Expressway Authority's loan request sparks review
The agency says it asked for $1.5-million for its next project, not the Crosstown Expressway.
By LETITIA STEIN
Published March 30, 2006
TALLAHASSEE - Senate President Tom Lee has initiated a financial review of the agency building the elevated commuter lanes on the Lee Roy Selmon Crosstown Expressway to figure out if it has the money to finish the job.
Word in the Capitol has been that the project could require a major bailout, though officials with the Tampa-Hillsborough Expressway Authority say that's not true. Lawmakers want to see for themselves, given the agency's request for a $1.5-million loan for its next project.
Lee, R-Valrico, was among the lawmakers who met with Expressway Authority leaders in Tallahassee last week. The agency's leaders visited to assure lawmakers they had the money to complete the connector between downtown Tampa and Brandon.
"We just really want to make sure that they are able to complete the work that they have," Lee said. "This is an appropriate opportunity for the Legislature to review that situation prior to advancing money for their new project."
He said Senate staffers in the transportation and appropriations committees are examining claims from contractors, and whether the agency has enough in reserve to pay its bills. The study may not be complete until the last days of the session, which ends May 5.
"We certainly will provide any information that they need so they have a clear understanding of our financial position," said Ralph Mervine, the Expressway Authority's interim executive director. "I believe we have a sound financial plan to complete this project."
The agency has been under scrutiny since a section of the elevated roadway under construction collapsed in unstable ground two years ago. The Expressway Authority expects to open the elevated lanes between Tampa and Brandon late this summer.
The project's price tag has ballooned from its original $370-million.
The Expressway Authority has filed a lawsuit for damages exceeding $120-million against URS Corp., the general engineering consultant, and Figg Engineering, which designed a bridge over Interstate 75.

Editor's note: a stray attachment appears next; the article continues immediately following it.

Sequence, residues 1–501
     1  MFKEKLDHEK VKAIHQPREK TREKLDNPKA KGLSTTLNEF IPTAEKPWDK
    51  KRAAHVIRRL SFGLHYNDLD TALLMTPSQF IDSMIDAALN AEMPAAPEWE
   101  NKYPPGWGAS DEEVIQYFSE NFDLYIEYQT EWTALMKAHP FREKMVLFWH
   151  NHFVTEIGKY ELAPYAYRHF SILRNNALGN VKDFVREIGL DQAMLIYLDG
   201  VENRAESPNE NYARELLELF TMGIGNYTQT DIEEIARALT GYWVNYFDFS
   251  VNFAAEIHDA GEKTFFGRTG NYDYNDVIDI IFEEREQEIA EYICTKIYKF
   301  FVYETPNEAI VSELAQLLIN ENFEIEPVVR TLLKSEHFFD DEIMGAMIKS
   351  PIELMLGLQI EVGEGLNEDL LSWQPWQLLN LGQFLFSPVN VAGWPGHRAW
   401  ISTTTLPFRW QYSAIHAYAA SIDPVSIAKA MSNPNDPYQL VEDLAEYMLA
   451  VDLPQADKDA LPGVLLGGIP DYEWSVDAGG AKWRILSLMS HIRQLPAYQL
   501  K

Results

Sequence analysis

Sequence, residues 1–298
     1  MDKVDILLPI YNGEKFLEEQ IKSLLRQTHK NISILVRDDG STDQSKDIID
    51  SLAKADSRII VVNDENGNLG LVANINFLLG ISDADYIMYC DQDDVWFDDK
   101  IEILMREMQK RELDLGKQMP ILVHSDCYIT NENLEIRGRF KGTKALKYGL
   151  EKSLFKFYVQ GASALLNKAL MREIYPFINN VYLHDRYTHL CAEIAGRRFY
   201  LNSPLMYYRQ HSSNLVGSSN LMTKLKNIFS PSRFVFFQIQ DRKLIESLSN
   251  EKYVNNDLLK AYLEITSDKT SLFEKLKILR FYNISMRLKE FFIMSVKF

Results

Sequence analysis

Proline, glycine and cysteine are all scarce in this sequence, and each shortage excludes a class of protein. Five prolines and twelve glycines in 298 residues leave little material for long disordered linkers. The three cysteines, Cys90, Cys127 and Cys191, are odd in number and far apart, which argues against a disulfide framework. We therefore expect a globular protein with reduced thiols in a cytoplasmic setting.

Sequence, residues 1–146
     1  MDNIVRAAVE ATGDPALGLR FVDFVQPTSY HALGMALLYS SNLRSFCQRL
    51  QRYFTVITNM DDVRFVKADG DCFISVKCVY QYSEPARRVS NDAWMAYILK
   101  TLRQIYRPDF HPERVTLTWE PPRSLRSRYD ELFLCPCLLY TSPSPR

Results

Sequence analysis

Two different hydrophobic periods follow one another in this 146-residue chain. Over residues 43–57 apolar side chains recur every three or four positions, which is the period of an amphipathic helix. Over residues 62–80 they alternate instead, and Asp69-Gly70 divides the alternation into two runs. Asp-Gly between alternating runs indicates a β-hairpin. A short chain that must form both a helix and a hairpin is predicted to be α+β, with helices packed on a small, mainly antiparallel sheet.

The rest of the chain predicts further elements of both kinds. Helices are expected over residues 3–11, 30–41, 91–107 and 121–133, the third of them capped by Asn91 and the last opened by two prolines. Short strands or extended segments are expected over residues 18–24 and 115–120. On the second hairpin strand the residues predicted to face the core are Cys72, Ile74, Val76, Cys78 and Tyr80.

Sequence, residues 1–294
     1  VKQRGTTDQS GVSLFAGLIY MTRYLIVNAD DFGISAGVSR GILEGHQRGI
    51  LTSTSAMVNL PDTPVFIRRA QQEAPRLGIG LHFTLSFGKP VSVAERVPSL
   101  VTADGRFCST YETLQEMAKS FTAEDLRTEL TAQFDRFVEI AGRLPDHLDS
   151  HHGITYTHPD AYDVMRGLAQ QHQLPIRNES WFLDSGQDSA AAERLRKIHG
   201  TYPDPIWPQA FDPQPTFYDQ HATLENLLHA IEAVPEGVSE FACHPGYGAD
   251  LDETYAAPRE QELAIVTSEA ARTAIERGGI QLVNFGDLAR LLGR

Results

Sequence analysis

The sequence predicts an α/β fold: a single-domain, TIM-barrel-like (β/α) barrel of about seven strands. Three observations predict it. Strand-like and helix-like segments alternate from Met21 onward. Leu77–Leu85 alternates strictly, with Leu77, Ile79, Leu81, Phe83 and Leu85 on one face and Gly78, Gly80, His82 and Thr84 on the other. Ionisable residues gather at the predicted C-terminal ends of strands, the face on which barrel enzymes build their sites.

Recently, it discussed the possibility of a $15-million loan with the state Transportation Department, a proposal now off the table. "We were looking ahead on a worst-case basis, which we thought was prudent," Mervine said.
The agency has reported to state transportation officials that it knows of about $19-million in claims for the project. It has around $11-million in contingency funds.
Disputes between contractors and an agency are common in road-building projects. The Expressway Authority expects to pay between $8-million and $10-million, which would fall within the contingency funding, the agency says.
Still, the mention of another state loan sounded alarms for Sen. Mike Fasano, R-New Port Richey, who controls the Senate's purse strings for transportation funding.
"If you're solvent, why are you asking for $15-million?" Fasano said. "That's kind of questionable."
The Expressway Authority wants to partner with a private financial backer to build an East-West toll road connecting New Tampa to Interstate 275. The $1.5-million loan, which would help to finalize plans, is included in the House's proposed budget, but not the Senate's.
"I would like for the Expressway Authority to have the budget situation that would allow them to do (the planning) without requesting more money," said Rep. Trey Traviesa, R-Tampa, who supports the loan if necessary.
The Expressway Authority says the loan is neede d to move the new project forward.
Mervine declared the funding dead in an interview Tuesday with the St. Petersburg Times. He blamed a story the newspaper published last week about concerns in Tallahassee over the agency's finances.
"(The article) has caused enough commotion in Tallahassee that the chances of us getting study money are effectively dead," Mervine said.
He called back within an hour to reverse himself.
Mervine blamed his statements on "a moment of frustration." The Expressway Authority is following a normal process in applying for a loan from a state trust fund for toll facilities to begin its next project, he said.
In Tallahassee, key lawmakers want questions answered first.
"The bigger question is: Should they be doing the second job before they finish the first job?" said Sen. Jim Sebesta, R-St. Petersburg, who chairs the Senate Transportation Committee and has worked closely with the Expressway Authority on the New Tampa project.
"It's very much up in the air," he added.
Times staff writer Michael Van Sickler contributed to this report. Letitia Stein can be reached at email@example.com or 850 224-7263.
[Last modified March 30, 2006, 02:15:33]
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